Discovering Hidden Variables: A StructureBased Approach
 IN NIPS
, 2001
"... A serious problem in learning probabilistic models is the presence of hidden variables. These variables are not observed, yet interact with several of the observed variables. As such, they induce seemingly complex dependencies among the latter. In recent years, much attention has been devoted t ..."
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Cited by 49 (5 self)
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A serious problem in learning probabilistic models is the presence of hidden variables. These variables are not observed, yet interact with several of the observed variables. As such, they induce seemingly complex dependencies among the latter. In recent years, much attention has been devoted to the development of algorithms for learning parameters, and in some cases structure, in the presence of hidden variables. In this paper, we address the related problem of detecting hidden variables that interact with the observed variables. This problem is of interest both for improving our understanding of the domain and as a preliminary step that guides the learning procedure towards promising models. A very natural approach is to search for "structural signatures" of hidden variables  substructures in the learned network that tend to suggest the presence of a hidden variable. We make this basic idea concrete, and show how to integrate it with structuresearch algorithms. We evaluate this method on several synthetic and reallife datasets, and show that it performs surprisingly well.
Data Perturbation for Escaping Local Maxima in Learning
 IN AAAI
, 2002
"... Almost all machine learning algorithmsbe they for regression, classification or density estimationseek hypotheses that optimize a score on training data. In most interesting cases, however, full global optimization is not feasible and local search techniques are used to discover reasonable ..."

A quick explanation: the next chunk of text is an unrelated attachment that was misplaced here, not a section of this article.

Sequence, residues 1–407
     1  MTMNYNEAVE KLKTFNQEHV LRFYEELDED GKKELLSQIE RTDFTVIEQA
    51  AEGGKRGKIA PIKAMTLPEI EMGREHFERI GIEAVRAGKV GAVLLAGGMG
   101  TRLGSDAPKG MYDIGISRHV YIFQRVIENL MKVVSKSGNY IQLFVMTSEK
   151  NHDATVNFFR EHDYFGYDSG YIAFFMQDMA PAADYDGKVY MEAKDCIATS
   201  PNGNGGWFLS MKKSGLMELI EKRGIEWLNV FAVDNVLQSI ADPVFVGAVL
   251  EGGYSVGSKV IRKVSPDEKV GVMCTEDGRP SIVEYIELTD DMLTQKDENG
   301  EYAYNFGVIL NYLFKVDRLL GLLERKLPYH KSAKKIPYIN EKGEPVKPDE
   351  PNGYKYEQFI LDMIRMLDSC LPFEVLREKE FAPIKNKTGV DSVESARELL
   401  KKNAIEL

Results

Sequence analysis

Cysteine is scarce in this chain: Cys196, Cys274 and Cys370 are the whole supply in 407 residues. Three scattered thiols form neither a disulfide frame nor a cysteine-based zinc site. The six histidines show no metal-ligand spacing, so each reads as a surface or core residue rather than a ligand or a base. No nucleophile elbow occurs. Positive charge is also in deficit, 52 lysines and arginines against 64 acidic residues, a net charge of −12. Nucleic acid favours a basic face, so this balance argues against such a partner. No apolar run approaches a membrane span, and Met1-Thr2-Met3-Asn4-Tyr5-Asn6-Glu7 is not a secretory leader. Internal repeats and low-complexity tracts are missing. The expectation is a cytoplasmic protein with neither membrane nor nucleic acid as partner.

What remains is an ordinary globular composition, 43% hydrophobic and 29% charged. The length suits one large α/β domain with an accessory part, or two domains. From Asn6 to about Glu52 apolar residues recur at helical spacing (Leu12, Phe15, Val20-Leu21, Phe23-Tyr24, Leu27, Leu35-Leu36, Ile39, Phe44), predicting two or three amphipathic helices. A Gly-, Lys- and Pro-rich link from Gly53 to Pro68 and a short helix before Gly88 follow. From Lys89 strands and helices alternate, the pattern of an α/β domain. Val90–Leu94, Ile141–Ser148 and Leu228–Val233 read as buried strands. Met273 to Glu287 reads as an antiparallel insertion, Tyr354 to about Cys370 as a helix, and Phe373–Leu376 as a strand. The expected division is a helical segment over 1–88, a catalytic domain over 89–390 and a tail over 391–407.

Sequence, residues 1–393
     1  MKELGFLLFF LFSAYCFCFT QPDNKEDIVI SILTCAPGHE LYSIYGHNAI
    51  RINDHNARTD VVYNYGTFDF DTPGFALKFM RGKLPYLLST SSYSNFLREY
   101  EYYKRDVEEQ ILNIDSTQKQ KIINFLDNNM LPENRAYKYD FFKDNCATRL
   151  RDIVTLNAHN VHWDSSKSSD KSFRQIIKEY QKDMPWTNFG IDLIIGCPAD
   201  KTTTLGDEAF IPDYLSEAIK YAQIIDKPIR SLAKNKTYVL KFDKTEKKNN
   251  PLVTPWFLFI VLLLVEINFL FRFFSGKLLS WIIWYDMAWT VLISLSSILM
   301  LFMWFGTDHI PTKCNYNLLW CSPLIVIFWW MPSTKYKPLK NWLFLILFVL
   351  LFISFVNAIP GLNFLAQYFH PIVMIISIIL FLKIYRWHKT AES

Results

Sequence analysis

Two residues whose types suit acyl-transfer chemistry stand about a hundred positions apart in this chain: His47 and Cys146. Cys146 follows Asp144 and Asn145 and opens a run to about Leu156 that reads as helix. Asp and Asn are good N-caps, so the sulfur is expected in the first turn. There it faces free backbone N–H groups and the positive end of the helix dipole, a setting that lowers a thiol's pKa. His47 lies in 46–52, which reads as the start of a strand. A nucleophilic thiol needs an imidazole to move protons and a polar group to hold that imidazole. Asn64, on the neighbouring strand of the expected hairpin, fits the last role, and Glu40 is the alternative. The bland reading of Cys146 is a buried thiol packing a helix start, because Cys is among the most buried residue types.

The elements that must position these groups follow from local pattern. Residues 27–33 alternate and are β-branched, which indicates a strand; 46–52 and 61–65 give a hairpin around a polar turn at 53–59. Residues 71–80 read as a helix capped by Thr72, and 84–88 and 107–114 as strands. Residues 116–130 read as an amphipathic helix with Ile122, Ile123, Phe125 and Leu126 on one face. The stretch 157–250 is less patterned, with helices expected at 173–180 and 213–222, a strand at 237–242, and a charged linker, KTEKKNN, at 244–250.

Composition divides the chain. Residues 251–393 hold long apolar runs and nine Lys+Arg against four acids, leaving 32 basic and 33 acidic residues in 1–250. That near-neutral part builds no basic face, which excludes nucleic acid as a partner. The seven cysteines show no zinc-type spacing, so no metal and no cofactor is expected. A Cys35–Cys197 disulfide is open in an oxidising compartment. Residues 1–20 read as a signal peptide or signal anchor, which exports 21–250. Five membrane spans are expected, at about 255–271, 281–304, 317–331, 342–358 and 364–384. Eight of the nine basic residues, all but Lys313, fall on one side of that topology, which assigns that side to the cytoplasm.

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Cited by 41 (3 self)
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Almost all machine learning algorithmsbe they for regression, classification or density estimationseek hypotheses that optimize a score on training data. In most interesting cases, however, full global optimization is not feasible and local search techniques are used to discover reasonable solutions. Unfortunately,
Improved learning of Bayesian networks
 Proc. of the Conf. on Uncertainty in Artificial Intelligence
, 2001
"... Two or more Bayesian network structures are Markov equivalent when the corresponding acyclic digraphs encode the same set of conditional independencies. Therefore, the search space of Bayesian network structures may be organized in equivalence classes, where each of them represents a different set o ..."
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Cited by 40 (6 self)
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Two or more Bayesian network structures are Markov equivalent when the corresponding acyclic digraphs encode the same set of conditional independencies. Therefore, the search space of Bayesian network structures may be organized in equivalence classes, where each of them represents a different set of conditional independencies. The collection of sets of conditional independencies obeys a partial order, the socalled “inclusion order.” This paper discusses in depth the role that the inclusion order plays in learning the structure of Bayesian networks. In particular, this role involves the way a learning algorithm traverses the search space. We introduce a condition for traversal operators, the inclusion boundary condition, which, when it is satisfied, guarantees that the search strategy can avoid local maxima. This is proved under the assumptions that the data is sampled from a probability distribution which is faithful to an acyclic digraph, and the length of the sample is unbounded. The previous discussion leads to the design of a new traversal operator and two new learning algorithms in the context of heuristic search and the Markov Chain Monte Carlo method. We carry out a set of experiments with synthetic and realworld data that show empirically the benefit of striving for the inclusion order when learning Bayesian networks from data.